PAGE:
John Andariese, the white-haired, avuncular Knicks radio and television analyst whose love of basketball earned him the nickname Johnny Hoops, died on Monday at his home in West Palm Beach, Fla. He was 78.
His wife, Maureen, said the cause was complications of primary progressive aphasia.
“He was all basketball,” Marv Albert, one of Mr. Andariese’s radio and television partners, said in an interview. “He was in very good shape for a long time, and he was always looking for a game. One of his thrills was on game day at Madison Square Garden — he’d play on the court with Garden employees.”
Mr. Andariese (pronounced AN-drays) and Mr. Albert established an easygoing camaraderie nearly from the start of their first season together on the radio, when the Knicks won the 1973 N.B.A. championship.
Mr. Andariese brought to the job a sophisticated knowledge of New York City basketball, which he had nurtured as a player at Fordham University. But he had not been a major college star and, unlike most N.B.A. analysts, did not play or coach in the league..
“I wasn’t a famous player,” he told The Daily News in 2005. “That’s why I came to define the analyst as a giving function. If you don’t give, you are not doing your job.”
He said that he was driven during games to spread his love of the game and explain how talented N.B.A. players were. “That’s what feeds me to this day, that I realize this gift, and I love to share the understanding of that gift with people,” he was quoted as saying by the Knicks’ team historian, Dennis D’Agostino, in an appreciation of Mr. Andariese’s career that was published Tuesday on the website of MSG Network, which televises Knick games.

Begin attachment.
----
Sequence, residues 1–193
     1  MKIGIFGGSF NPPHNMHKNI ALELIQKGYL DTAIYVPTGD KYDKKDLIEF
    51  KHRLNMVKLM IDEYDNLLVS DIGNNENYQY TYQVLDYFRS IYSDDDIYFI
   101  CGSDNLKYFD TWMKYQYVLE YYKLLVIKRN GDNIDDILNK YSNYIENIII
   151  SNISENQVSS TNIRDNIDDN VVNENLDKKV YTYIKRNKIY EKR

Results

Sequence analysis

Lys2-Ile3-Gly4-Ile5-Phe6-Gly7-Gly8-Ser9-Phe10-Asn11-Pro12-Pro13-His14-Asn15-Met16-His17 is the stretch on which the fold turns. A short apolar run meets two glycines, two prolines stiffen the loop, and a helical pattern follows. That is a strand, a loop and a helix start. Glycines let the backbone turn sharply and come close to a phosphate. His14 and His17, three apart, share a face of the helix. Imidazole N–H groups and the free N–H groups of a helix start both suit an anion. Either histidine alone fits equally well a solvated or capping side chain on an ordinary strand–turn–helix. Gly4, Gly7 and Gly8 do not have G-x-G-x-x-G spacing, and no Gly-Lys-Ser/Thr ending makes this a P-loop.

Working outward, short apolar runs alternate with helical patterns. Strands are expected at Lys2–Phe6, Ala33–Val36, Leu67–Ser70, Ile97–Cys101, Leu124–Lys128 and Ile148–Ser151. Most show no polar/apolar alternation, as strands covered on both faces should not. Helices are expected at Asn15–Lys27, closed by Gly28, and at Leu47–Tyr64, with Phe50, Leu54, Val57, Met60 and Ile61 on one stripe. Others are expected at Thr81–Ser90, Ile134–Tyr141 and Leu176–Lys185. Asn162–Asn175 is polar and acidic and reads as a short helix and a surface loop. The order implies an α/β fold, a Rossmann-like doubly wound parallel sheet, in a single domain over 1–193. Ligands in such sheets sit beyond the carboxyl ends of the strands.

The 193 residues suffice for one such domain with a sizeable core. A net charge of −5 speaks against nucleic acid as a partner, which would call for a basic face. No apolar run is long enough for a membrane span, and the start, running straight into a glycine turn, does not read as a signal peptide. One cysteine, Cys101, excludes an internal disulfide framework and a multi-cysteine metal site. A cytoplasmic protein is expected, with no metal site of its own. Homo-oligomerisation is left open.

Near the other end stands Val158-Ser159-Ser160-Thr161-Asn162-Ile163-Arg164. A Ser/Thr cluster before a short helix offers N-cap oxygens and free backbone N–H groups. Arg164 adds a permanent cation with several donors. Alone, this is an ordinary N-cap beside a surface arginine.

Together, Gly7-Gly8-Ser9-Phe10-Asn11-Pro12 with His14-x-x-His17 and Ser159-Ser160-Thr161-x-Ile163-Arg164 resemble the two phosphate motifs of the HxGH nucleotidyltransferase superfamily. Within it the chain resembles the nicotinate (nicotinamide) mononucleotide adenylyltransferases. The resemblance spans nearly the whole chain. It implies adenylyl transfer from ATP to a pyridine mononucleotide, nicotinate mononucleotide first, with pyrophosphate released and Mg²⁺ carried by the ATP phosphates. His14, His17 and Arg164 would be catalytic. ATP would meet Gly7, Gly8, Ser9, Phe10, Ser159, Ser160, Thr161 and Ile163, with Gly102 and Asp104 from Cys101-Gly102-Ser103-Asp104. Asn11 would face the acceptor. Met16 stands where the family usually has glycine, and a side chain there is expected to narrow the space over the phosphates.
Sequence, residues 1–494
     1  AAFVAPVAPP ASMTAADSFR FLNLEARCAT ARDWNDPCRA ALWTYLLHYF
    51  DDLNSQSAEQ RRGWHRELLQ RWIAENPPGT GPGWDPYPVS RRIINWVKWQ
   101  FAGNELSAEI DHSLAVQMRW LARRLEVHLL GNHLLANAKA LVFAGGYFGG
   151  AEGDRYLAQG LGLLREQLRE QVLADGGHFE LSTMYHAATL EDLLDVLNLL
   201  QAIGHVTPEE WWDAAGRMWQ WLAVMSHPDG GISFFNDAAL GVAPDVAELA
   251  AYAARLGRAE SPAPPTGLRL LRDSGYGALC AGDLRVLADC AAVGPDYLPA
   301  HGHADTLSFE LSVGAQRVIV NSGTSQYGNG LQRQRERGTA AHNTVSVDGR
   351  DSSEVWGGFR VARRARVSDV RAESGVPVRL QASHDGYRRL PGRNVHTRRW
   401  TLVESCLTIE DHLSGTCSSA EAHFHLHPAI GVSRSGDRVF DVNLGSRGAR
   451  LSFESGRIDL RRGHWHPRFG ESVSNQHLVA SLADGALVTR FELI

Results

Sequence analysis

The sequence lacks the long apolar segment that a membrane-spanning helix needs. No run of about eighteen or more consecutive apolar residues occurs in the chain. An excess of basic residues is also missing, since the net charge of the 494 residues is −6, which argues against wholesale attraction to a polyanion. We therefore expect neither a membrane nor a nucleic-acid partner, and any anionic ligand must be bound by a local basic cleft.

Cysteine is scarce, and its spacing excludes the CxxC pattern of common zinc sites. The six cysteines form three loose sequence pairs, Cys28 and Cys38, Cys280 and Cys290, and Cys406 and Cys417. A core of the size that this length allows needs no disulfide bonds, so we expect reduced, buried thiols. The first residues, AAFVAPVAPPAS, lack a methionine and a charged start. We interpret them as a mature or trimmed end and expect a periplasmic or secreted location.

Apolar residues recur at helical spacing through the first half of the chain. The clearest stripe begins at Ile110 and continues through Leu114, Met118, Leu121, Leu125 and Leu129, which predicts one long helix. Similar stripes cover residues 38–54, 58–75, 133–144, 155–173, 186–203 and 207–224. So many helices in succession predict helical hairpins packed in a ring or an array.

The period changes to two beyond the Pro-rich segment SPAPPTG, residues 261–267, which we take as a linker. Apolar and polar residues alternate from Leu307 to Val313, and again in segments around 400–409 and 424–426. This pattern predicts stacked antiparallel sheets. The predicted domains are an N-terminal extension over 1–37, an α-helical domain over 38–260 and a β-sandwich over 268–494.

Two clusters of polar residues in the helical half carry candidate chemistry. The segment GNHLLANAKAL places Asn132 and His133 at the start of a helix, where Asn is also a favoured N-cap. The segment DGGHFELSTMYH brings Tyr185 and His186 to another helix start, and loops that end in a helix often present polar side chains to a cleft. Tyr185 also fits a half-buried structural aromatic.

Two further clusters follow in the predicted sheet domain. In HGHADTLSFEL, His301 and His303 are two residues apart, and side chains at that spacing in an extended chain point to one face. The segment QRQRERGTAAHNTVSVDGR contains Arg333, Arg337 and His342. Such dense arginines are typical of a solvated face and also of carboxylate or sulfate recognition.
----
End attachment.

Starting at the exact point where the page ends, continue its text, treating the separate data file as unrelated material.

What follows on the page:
John Kenneth Andariese was born in Brooklyn on Aug. 19, 1938, to Harold Andariese and the former Mary Ellen Burns. He played basketball at Fordham under Johnny Bach, who became an assistant in the 1980s to Chicago Bulls Coach Phil Jackson, the Knicks’ current president.
Mr. Andariese played on two Fordham teams that went to the N.I.T. He averaged 13.0 points and 8.7 rebounds a game during the 1959-60 season. Mr. Albert jokingly introduced him at dinner events and other appearances as the “53rd leading rebounder in the history of Fordham.”
After graduation, he served stateside in the Army and played professionally for the Allentown Jets of the Eastern Basketball League.
Mr. Andariese was calling college basketball games when he was hired to work with Mr. Albert, starting in the 1972-73 season. Mr. Albert recalled traveling to Los Angeles to call Game 1 of the N.B.A. finals between the Knicks and Lakers: “The first thing we did was to shoot around at Pauley Pavilion,” home to the powerhouse U.C.L.A. basketball team that was coached by John Wooden.
During the game, Mr. Albert added, “John had one of his career highlights” at halftime, when he interviewed the actor Peter Falk. “After that,” he added, “any time we were in L.A. or New York, Falk would come over to us to look at the halftime stat sheet.”
For decades, Mr. Andariese kept his own portable record of the league by meticulously cutting out the box scores of every game and taping them into schoolboy notebooks, some of which he would tote to games as reference.
“I have cases of them,” Maureen Andariese said. “I’d get up at 2 a.m., and he’d be cutting out box scores and highlighting articles.”
In addition to calling Knicks games on radio and television, Mr. Andariese worked for ESPN, Turner Sports and NBA TV.
He retired from calling Knicks games in 2012, as his health problems began to affect his work. Two years later, he received the Curt Gowdy Media Award from the Naismith Memorial Basketball Hall of Fame.
In addition to his wife, the former Maureen Hayden, he is survived by three daughters, Amy McLaughlin, Julie Collins and Emily Wright; four grandchildren; and a sister, Janet Cianci. His first marriage ended in divorce.
For one of his birthdays, Maureen Andariese said, she built him a regulation N.B.A. court on their property in upstate Montgomery, N.Y.
“It had old-fashioned glass backboards, and he had a ball-retrieving thing that kept the balls from going into the cornfield,” she said. “He loved it. His friends would go out and shoot with him.”